Monday a.m., my mom made Emma and I breakfast, and we got back on the road. First, a morning tour and info session at NYU. Then, in the afternoon, a tour and info session at Barnard College.
And that’s where we were — on the lawn at Barnard College, standing right outside the library, listening to our tour guide talk about her creative writing class, when my phone vibrated. I took a peek, and it was an NBC news alert. “Reports of Explosions at the Boston Marathon Finish Line.”
There was quite a moment of disconnect. I get news alerts all the time. Shooting in Colorado, shooting in Newtown (the town next to where I grew up in CT, by the way), earthquakes, actor deaths. Always somewhere else. This time it was “somewhere else,” but “somewhere else” was home. [not to say that Newtown didn't have that kind of feeling, too. It did, but still different.] My brain made some very obvious “clicks.” Like I could feel them. Boston. Home. Juliette. David. I texted J immediately “you okay?” She texted back “yes, I’m at home” and then instantly called me. I pulled myself away from the tour to talk to her, and she was a little shaken up because (a) 2 bombs went off 3 miles away from our house, and (b) if her day had gone as she initially planned it, she would have been a block away from the explosions - shopping on Newbury Street. If she had been on Newbury Street, she wouldn’t have been injured, but she would have been in the midst of the chaos, and I think it would have been horrible for her.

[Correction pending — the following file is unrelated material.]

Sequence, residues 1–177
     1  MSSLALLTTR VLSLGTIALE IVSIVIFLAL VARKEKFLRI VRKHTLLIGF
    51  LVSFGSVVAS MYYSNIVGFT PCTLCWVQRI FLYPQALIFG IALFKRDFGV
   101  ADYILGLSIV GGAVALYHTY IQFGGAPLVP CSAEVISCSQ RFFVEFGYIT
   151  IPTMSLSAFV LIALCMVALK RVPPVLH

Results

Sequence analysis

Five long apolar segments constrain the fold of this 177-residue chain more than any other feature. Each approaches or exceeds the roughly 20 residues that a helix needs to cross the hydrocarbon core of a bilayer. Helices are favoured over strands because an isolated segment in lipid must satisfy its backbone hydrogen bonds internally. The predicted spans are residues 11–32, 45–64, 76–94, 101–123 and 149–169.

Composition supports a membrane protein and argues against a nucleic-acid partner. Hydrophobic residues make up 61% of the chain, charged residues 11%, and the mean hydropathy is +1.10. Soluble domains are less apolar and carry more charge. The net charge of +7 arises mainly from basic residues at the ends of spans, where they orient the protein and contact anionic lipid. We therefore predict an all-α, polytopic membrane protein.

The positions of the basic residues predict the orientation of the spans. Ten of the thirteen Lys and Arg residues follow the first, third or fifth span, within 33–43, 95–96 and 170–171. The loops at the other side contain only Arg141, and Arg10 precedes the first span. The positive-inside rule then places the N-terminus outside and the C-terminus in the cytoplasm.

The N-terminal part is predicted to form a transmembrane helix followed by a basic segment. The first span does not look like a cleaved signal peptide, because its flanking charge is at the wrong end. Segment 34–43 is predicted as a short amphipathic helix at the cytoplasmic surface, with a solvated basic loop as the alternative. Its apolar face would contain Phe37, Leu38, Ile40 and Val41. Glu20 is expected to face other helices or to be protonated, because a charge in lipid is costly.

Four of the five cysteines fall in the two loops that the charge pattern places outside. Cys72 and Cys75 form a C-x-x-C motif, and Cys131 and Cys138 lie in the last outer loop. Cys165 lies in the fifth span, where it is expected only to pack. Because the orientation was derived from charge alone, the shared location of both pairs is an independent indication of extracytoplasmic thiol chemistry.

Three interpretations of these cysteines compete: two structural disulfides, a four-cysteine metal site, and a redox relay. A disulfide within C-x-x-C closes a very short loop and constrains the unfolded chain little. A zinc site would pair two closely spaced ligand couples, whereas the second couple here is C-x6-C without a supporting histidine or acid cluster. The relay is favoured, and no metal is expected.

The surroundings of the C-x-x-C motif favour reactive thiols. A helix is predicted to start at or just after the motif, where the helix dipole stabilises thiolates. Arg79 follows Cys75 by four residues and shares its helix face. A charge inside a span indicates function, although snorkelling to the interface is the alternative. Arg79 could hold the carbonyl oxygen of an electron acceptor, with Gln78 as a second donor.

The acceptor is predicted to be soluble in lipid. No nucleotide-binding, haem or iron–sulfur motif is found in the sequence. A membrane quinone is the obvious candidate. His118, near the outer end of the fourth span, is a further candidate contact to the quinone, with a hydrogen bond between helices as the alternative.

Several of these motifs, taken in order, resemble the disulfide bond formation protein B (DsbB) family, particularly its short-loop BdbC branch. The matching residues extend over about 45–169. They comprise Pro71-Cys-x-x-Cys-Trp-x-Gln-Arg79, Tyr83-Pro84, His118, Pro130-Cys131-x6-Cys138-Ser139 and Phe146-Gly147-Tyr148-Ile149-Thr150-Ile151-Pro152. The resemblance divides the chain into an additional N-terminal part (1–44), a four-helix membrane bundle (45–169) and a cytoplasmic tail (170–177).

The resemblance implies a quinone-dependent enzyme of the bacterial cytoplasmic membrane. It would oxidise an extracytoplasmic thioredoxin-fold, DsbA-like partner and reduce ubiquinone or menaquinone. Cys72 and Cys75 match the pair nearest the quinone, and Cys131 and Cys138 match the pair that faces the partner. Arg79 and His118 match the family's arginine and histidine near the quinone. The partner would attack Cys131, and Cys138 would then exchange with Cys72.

I had determined not to tell Emma until after the Barnard tour/info session, so she could focus. But then I blurted it out anyway. It was a struggle for both of us to listen to the virtues of Columbia’s sister school, and we bickered during the info session when I made her put her phone away. 10 minutes later, though, a woman yelped and said, “I’m sorry to interrupt, but there was a bombing Boston, and I need to leave!” She ran out to call her family.
Emma and I had intended to stay in New York for a couple of hours after the tour, but we were in no frame of mind to wander the city. We got back in the car and drove to my parents’ house, listening to the news the whole way, where we could watch the news, and try to piece together what was going on. It was so surreal, and so horrible.
Nevertheless, we were able to focus on Tuesday’s 2 tours/college visits, and were very happy when we got home to be with David and Juliette, and to be back home. Funny how despite the horror and pain that was taking place at home, we both wished we were there. You’d think we’d be relieved to be out of town, but we were not.
When i got back to work on Wednesday, it was to continued pressure of deadlines, deadlines, deadlines. Things are so busy in our firm right now, and the vast majority of the 30+ lawyers are working at break-neck speed. I’m personally not happy with this pace. I like to be busy. I like deadlines. But this has been all-out for over a month. It’s not ok.